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The death of responsible party government

Reps. Liz Cheney (R-Wyo.) and Elise Stefanik (R-N.Y.)
Greg Nash

Seventy-one years ago, the American Political Science Association (APSA) published a small book titled “Toward a More Responsible Two-Party System.” The document was the work of the APSA Committee on Political Parties, which was composed of prominent political scientists. After four years of deliberation, the committee determined that the American party system was in a perilous state, citing the federal government’s inability to pass vital legislation (including civil rights). The APSA concluded that each party was “ill-equipped to organize its members in the legislative and executive branches into a government held together by the party program.” Such paralysis was “a very serious matter, for it affects the very heartbeat of American democracy.”

Receiving the report at the White House, President Truman expressed his support for “maintaining our two-party system” and warned that “unless we are very careful it can become obsolete and that we don’t want.”

The 1950 APSA report stated that “responsible” parties should present their governing ideas to the American people in such a coherent manner that voters could make informed choices. Today, the idea of a responsible party government is dead. Rep. Liz Cheney’s (R-Wy.) ouster from the House Republican leadership had nothing to do with ideology and everything to do with her refusal to pledge loyalty to President Trump. In a speech on the House floor, Cheney stated the obvious: “This is not about policy. This is not about partisanship.”

An examination of Cheney’s voting record amplifies her argument. Votes cast by Cheney and her replacement, Rep. Elise Stefanik (R-N.Y.), show Cheney to be the more conservative voice. Records compiled by Heritage Action for America give the Wyoming Republican a lifetime 80 percent rating of support versus a 48 percent rating for Stefanik. And when it came to supporting Donald Trump, Stefanik voted with him just 78 percent of the time; Cheney, 93 percent. Stefanik’s votes against Trump were particularly noteworthy. On tax reform, Trump’s singular legislative achievement, Stefanik voted “no.” She tried to block Trump’s withdrawal from the Paris climate accords; voted to overturn Trump’s emergency declaration to fund his border wall; and condemned Trump for petitioning the courts to invalidate ObamaCare. Today Stefanik has become the personal embodiment of political opportunism.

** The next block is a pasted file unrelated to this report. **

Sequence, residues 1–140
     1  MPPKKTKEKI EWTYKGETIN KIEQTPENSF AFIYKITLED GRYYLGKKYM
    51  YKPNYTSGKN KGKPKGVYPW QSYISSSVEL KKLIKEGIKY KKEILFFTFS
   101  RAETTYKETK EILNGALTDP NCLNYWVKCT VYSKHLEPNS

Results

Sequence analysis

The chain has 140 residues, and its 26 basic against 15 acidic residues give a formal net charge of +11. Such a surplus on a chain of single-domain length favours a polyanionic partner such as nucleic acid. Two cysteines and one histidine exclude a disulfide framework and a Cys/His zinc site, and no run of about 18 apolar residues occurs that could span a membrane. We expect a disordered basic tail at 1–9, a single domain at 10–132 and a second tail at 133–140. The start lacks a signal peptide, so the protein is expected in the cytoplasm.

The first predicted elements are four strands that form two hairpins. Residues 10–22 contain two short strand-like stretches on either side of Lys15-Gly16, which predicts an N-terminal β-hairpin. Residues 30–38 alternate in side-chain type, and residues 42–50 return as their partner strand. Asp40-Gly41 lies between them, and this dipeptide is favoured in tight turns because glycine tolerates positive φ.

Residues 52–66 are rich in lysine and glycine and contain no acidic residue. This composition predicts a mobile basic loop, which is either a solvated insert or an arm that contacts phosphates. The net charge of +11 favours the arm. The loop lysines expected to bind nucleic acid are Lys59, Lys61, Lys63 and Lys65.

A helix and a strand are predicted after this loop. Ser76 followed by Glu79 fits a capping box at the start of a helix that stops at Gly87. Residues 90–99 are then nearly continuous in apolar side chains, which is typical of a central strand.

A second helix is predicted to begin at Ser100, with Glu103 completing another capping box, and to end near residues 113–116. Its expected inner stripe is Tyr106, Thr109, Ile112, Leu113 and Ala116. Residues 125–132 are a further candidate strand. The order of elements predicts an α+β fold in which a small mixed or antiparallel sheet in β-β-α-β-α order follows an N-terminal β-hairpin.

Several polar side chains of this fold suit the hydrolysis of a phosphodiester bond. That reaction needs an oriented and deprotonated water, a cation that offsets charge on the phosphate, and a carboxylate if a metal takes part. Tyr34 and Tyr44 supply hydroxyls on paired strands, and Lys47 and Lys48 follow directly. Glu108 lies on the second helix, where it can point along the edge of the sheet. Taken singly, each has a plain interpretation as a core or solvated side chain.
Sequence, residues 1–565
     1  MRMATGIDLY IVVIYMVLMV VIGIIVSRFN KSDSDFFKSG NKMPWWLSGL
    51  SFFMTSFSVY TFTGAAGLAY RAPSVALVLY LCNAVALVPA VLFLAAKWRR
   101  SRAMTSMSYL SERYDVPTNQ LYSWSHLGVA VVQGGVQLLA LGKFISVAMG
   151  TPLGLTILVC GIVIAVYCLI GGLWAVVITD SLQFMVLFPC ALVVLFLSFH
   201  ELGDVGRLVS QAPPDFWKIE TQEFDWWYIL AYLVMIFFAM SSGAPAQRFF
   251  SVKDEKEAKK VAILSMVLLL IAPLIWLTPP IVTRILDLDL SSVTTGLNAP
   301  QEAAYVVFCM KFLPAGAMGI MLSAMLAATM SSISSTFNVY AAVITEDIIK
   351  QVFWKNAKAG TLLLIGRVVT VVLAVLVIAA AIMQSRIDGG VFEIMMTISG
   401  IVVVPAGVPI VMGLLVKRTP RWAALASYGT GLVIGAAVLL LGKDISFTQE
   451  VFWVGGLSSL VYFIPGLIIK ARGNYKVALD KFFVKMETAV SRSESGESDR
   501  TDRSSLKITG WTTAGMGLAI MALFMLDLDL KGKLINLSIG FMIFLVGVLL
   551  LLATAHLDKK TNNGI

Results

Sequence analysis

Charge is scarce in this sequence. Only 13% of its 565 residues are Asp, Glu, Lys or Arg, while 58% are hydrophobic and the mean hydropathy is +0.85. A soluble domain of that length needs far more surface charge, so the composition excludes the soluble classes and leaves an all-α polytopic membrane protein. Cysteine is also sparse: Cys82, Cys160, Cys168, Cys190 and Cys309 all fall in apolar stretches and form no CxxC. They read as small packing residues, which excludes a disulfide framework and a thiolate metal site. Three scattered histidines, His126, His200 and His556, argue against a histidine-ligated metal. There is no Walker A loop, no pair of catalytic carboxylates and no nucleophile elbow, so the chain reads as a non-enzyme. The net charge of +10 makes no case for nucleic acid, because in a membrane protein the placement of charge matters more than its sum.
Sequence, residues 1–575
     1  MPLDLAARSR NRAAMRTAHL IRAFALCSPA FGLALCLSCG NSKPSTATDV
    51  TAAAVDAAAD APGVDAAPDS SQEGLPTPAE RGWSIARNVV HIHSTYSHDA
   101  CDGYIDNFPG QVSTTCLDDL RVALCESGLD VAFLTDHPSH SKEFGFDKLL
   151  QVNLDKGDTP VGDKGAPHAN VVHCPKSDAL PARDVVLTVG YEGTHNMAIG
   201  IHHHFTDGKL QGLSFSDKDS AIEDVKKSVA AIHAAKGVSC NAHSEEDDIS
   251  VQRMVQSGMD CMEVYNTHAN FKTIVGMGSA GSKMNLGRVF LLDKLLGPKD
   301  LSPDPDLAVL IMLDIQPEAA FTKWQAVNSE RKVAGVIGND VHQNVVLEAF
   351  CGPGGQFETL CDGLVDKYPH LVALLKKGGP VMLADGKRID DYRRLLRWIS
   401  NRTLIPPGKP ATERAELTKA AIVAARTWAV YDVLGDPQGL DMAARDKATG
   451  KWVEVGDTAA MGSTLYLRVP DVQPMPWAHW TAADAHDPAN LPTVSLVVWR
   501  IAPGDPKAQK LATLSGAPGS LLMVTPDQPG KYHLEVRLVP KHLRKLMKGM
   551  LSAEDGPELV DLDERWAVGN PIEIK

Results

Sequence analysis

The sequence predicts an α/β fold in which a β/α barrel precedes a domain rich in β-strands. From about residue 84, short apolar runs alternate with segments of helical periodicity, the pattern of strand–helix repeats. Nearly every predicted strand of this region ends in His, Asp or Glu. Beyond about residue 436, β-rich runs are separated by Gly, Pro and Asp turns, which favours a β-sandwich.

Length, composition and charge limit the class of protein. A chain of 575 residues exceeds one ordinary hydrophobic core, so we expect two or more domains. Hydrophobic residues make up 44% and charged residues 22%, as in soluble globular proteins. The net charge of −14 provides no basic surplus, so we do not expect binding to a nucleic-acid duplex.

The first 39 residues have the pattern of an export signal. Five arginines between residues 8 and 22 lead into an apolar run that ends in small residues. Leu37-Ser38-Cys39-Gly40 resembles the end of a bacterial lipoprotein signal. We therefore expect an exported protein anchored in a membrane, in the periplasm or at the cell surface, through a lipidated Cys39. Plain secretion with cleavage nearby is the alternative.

When a party is out of power, the APSA believed it still played a vital role: “The opposition party acts as the critic of the party in power, developing, defining, and presenting the policy alternatives which are necessary for a true choice in reaching public decisions.” In short, the opposition party selectively chooses from an array of issues on which it disagrees with the majority. But Republicans have not behaved that way for several years.

In 2010, Sen. Mitch McConnell (R-Ky.) declared that his singular focus was to make Barack Obama a one-term president. To achieve that end, Republicans opposed everything Obama wanted, including ObamaCare. Recently, McConnell again doubled down on his opposition, saying 100 percent of his focus is on “stopping” the Biden administration. This ignores the solemn responsibility of the minority party to carefully select its disagreements with the majority and highlight them in upcoming electoral contests.